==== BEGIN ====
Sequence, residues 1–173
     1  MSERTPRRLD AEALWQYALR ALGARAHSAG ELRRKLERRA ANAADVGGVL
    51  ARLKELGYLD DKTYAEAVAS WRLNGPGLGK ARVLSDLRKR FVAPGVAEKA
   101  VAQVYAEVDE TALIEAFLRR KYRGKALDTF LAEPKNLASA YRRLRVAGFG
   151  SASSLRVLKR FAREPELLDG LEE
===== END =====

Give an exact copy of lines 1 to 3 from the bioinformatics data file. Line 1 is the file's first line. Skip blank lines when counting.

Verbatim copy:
Sequence, residues 1–173
     1  MSERTPRRLD AEALWQYALR ALGARAHSAG ELRRKLERRA ANAADVGGVL
    51  ARLKELGYLD DKTYAEAVAS WRLNGPGLGK ARVLSDLRKR FVAPGVAEKA